Set up a VPN in Win­dows

MARK SHEA and IAN PAUL look at when and how to use the VPN client built into Win­dows

Tech Advisor - - Contents -

VPN (vir­tual pri­vate net­work) tech­nol­ogy lets a com­puter us­ing a pub­lic in­ter­net con­nec­tion join a pri­vate net­work by way of a se­cure ‘tun­nel’ be­tween that ma­chine and the net­work. This pro­tects the data from be­ing seen or tam­pered with.

The two most com­mon use cases are con­sumer VPN ser­vices that al­low in­di­vid­u­als to surf pri­vately from home or a pub­lic set­ting, and busi­ness-ori­ented solutions that al­low em­ploy­ees to se­curely con­nect to a cor­po­rate net­work re­motely.

For the most part, VPN con­nec­tions are handled by cus­tom soft­ware, or by third-party generic soft­ware such as the OpenVPN client or Cisco AnyCon­nect.

An­other op­tion that’s gen­er­ally sup­ported by most vir­tual pri­vate net­works is to use Mi­crosoft’s built-in VPN client. This is use­ful when some VPNs don’t pro­vide their own client or if you want to use a VPN pro­to­col not sup­ported by your VPN’s client such as IKEv2.

The down­side to us­ing the built-in client is that you have to select a spe­cific server to use as op­posed to jump­ing be­tween dif­fer­ent lo­ca­tions the way you can with a com­mer­cial VPN ser­vice. On the other hand, most em­ployer-supplied VPNs will of­fer a limited num­ber of servers you can con­nect to, which makes us­ing this client ideal.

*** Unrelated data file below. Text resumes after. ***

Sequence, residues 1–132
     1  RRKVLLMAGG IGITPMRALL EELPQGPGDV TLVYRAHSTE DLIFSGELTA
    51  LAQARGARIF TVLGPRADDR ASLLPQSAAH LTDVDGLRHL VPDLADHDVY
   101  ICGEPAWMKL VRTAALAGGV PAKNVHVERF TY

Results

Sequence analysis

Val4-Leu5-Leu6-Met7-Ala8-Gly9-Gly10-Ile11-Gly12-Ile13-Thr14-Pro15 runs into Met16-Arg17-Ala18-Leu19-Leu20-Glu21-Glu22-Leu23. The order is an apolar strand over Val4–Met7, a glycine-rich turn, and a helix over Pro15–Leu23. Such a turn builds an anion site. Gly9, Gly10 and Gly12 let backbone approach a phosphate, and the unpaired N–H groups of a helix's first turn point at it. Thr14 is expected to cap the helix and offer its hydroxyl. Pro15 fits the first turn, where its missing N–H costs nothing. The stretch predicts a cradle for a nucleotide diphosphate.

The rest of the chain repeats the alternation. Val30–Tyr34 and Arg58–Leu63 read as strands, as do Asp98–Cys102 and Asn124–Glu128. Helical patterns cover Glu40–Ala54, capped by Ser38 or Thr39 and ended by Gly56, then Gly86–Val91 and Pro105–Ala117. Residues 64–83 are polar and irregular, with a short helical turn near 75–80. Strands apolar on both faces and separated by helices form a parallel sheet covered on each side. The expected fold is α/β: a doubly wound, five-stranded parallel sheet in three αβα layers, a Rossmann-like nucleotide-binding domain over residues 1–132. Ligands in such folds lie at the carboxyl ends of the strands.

Set up a VPN in Win­dows 10

Step 1: Click on the Cor­tana search bar or but­ton on the taskbar and type vpn.

Step 2: The top choice should be Change vir­tual pri­vate net­works (VPN). Al­ter­na­tively, open the Set­tings app and go to Net­work & In­ter­net > VPN. Step 3: At the top of the VPN screen in the Set­tings app, click Add a VPN con­nec­tion.

Step 4: In the screen that ap­pears, en­ter the de­tails for your VPN con­nec­tion. Un­der ‘VPN provider’ click on the drop-down menu, and select Win­dows (built-in). This will also change ‘VPN type’ to Au­to­matic, and ‘Type of sign-in info’ to User name and pass­word.

Step 5: Next, fill out the ‘Con­nec­tion name’ and ‘Server name or ad­dress’. Th­ese vary based on your VPN provider – whether a third-party ser­vice or an em­ployer. For this ex­am­ple, we’re us­ing Acevpn (fave.

co/2qpPrdC), a client­less VPN ser­vice that sup­ports var­i­ous con­nec­tion types such as IKEv2, L2TP, and PPTP. Step 6: Scroll down this screen and you’ll see a spot to en­ter your user­name and pass­word for the VPN

– again pro­vided by your VPN ser­vice. Once the in­for­ma­tion is en­tered, click Save, and close the Set­tings app.

Step 7: Click the Wi-Fi icon in the sys­tem tray on your taskbar, and select your newly cre­ated VPN con­nec­tion, which should be right at the top of the list. It should au­to­mat­i­cally start to con­nect, and if all goes well the con­nec­tion process should hap­pen rel­a­tively quickly.

The above process works for the eas­ier VPN con­nec­tion types such as PPTP and L2TP, but if you want to use IKEv2 that re­quires in­stalling a root cer­tifi­cate from your VPN provider. Keep in mind that not ev­ery ser­vice sup­ports IKEv2, so us­ing this method de­pends greatly on your VPN ser­vice provider or em­ployer.

Re­gard­less, here’s how it works on Win­dows 10. First, down­load your VPN provider’s IKEv2 cer­tifi­cate to your desk­top or some­where else that’s con­ve­nient. Next, dou­ble-click on the cer­tifi­cate file and a se­cu­rity warn­ing pops-up. Click Open.